The Bib.

Posted by on Jul 19, 2009 in Dirt, Research and Engagement | 2 Comments

Since sometime last fall, I have been working on a variety of projects…however, the one that is most important, the one that I need to complete in order to continue on in my pursuit of my PhD, is one of the most dreaded parts of my graduate program:

Bibs.

This is not something you tie around your neck to keep from dribbling on your new shirt. That’s a practical piece of equipment. The Bib, to any graduate student in MSU’s department of Anthropology, should be considered an implement of torture. It is prolonged agony, disguised as two 75-source bibliographies on a topic and geographic region of your choice. It should be illegal.

First, let me state a couple of things: I am in the midst of writing my bibs, so (if any professors on my committee are reading this) I completely understand the importance of the Bib. It provides you with excellent experience in researching a topic and region. It broadens your literature background in topics that are relative to your interests. Once completed, it is a major accomplishment and you get a justified week long vacation at the local watering hole of your choice. That is, after you pass the Comprehensive exam and oral defense that you have to take about the Bibs you wrote.

Yeah, that’s right: the Bib is not the finished product. In actuality, you are simply compiling the sources that you are going to be tested on. At first, this seems like a pretty sweet deal: wait, you’re saying I get to pick the stuff that my comprehensive exam is going to be about? Awesome!!

But wait…isn’t that kind of cruel? That’s like getting to choose which weapon you’re going to be killed with. How would you like to be tortured today? World Systems Theory? Settlement Pattern Theory?

I chose Power, Gender and Class. I’ve been working on this Bib since January. I just finished it today, and I (for some reason) think I will be able to finish my Geographical Bib by the end of August. I have most of the stuff read…but t is the writing process that is so painful, since it is unlike no paper I have ever written. Instead of being annotated, it is a 20-some page document organizing the sources in some way that justifies your selection of them, and you get about a sentence per source to do that. I’ll be honest: it’s hard. What makes it so hard is that there are so many different ways to organize these things. I have gone through many iterations of my topical bib, and I am still not entirely sure if I have chosen the best route.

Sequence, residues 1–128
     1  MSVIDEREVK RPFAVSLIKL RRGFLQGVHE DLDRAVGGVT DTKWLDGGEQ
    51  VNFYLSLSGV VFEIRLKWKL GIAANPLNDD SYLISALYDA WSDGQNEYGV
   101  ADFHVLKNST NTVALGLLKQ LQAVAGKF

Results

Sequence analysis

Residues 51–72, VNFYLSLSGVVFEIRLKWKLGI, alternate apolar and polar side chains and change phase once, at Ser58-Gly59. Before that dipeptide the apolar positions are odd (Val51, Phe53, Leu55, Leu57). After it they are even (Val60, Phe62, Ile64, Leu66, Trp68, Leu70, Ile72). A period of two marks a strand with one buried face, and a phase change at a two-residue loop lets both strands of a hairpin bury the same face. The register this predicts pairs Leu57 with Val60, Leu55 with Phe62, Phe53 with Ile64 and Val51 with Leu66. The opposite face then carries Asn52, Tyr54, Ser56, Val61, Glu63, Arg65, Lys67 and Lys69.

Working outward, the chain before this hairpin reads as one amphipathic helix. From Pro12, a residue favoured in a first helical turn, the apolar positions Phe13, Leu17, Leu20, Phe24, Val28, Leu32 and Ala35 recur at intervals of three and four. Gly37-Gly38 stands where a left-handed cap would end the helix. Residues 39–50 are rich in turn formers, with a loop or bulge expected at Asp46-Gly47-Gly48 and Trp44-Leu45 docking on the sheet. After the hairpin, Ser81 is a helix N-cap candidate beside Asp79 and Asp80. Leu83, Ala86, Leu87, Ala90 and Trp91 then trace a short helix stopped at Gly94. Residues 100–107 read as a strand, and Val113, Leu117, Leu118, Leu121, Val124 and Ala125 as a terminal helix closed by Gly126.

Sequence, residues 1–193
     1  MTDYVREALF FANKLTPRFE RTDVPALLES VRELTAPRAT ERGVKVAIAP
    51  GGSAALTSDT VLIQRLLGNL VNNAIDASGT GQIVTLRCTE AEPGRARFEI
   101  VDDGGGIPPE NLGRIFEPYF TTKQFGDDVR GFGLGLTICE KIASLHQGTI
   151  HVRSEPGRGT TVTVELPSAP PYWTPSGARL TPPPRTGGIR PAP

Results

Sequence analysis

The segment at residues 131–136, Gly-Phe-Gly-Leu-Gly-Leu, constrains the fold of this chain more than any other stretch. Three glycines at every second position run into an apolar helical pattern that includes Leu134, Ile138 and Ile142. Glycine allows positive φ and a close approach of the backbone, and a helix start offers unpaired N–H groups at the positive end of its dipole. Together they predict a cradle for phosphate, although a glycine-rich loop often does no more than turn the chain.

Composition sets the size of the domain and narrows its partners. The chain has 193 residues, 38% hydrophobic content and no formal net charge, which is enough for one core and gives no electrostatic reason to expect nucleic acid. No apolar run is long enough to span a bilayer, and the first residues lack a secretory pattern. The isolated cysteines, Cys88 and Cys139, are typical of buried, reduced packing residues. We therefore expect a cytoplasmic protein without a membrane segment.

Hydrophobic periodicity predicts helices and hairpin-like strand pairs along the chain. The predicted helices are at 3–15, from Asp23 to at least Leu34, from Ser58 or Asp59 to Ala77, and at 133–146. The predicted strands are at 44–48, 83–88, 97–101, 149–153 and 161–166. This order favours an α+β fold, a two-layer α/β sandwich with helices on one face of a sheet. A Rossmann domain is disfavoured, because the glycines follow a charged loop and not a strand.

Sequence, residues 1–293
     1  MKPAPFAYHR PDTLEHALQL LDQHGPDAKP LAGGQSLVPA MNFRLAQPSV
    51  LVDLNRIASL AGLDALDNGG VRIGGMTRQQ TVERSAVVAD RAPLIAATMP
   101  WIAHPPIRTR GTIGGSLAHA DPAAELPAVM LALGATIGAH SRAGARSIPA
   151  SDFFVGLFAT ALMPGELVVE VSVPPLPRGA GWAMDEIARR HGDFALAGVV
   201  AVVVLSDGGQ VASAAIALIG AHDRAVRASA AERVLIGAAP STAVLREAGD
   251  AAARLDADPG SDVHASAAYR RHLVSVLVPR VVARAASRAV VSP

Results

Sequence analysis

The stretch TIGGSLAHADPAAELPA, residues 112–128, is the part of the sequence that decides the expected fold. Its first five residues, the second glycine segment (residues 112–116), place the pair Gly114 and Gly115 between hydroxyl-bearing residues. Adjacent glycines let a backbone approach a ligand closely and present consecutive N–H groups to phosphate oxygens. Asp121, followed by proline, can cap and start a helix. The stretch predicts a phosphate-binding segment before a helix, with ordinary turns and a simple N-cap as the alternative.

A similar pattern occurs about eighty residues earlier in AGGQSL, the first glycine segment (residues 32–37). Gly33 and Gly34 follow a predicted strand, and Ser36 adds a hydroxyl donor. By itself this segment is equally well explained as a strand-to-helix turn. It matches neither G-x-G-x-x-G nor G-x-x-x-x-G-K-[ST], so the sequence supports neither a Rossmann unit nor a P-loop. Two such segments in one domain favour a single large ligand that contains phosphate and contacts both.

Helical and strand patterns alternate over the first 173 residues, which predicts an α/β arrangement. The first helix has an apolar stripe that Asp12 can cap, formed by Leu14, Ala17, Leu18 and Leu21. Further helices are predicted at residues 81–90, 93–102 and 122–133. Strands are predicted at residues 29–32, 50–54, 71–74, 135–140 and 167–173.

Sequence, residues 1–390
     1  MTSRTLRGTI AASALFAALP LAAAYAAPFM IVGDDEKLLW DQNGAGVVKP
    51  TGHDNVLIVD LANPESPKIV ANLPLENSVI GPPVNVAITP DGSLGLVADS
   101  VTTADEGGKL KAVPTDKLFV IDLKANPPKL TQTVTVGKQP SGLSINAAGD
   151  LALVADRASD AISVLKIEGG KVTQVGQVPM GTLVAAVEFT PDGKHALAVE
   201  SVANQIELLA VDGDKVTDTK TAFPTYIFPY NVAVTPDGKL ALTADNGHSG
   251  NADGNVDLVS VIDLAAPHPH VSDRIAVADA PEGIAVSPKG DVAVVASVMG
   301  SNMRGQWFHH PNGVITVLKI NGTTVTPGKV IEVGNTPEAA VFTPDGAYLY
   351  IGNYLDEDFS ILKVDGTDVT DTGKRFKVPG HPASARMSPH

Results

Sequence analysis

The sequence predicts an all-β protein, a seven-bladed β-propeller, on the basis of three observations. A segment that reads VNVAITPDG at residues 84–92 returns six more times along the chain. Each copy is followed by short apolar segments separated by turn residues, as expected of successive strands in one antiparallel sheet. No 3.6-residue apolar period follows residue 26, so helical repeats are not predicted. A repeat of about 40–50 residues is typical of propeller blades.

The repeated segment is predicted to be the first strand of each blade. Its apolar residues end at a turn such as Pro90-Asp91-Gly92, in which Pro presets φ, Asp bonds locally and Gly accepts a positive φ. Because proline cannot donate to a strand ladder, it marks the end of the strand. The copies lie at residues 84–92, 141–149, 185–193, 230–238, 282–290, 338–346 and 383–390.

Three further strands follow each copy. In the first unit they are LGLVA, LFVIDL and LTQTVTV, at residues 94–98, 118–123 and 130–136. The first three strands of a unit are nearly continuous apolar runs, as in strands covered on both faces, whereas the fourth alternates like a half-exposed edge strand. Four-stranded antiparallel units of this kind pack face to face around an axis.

But what makes it even more difficult to finish is the knowledge that, on the other side of the Bib, is your comprehensive exam. After you turn in your Bibs, your committee reads them, then gets together to craft the most difficult question they can possibly contrive about your topics. Then, they lock you in a dark room for 8 hours with a computer and a copy of your Bibs, and you write. Then you defend your answers. It’s not a really exciting prospect, and certainly not conducive to finishing your Bibs, knowing that that just means you get to enter the next step of misery and pain.

I keep telling myself that people pass their exams every day. That no one I know has not passed their bibs. And that my committee has no reason to fail me: they are invested in my success, and would only set me up to succeed. And, on the other side of my exams, there is that tiny vacation.

Someday, if I ever finish my Bibs, and feel up to speaking about them, I will put a post up with some suggestions for future MSU Anthropology Graduate Students. For now, my only suggestion is this: remember that the test you have to take on these things are it. The last test of your life. Ever. That’s all that’s getting me through at this point.

  • congratulations, Terry. Your hard work will certainly not go unnoticed with your committee. I’m proud of you. And impressed by your articulate narrative of the experience here.

  • congratulations, Terry. Your hard work will certainly not go unnoticed with your committee. I’m proud of you. And impressed by your articulate narrative of the experience here.